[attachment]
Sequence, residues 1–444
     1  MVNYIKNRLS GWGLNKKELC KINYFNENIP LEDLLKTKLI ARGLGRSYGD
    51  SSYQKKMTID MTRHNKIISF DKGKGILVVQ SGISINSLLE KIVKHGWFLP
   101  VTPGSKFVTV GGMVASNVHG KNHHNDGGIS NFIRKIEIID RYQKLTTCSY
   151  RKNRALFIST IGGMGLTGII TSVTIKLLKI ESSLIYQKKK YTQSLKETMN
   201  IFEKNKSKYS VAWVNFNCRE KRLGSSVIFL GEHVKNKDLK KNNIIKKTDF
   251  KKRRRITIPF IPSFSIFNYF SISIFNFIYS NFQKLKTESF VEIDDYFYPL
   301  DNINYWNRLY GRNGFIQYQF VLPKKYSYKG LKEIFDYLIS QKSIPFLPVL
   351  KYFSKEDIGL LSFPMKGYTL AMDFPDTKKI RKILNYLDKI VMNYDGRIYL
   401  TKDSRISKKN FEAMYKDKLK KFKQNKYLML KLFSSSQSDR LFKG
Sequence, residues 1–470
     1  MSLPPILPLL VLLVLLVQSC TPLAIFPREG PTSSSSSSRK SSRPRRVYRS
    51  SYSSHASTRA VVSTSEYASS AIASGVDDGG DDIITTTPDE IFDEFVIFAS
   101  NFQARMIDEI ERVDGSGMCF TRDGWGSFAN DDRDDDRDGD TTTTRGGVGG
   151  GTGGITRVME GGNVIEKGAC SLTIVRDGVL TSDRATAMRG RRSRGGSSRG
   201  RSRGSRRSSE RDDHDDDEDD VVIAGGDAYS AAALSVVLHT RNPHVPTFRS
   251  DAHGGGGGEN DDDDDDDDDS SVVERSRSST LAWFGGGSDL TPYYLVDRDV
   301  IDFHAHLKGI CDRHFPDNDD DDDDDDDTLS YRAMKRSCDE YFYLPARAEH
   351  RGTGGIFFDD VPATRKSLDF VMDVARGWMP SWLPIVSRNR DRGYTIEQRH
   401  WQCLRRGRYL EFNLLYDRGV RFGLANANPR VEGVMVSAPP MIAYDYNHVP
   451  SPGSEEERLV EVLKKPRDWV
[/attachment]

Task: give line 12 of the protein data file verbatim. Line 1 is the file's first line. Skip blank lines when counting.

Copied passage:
     1  MSLPPILPLL VLLVLLVQSC TPLAIFPREG PTSSSSSSRK SSRPRRVYRS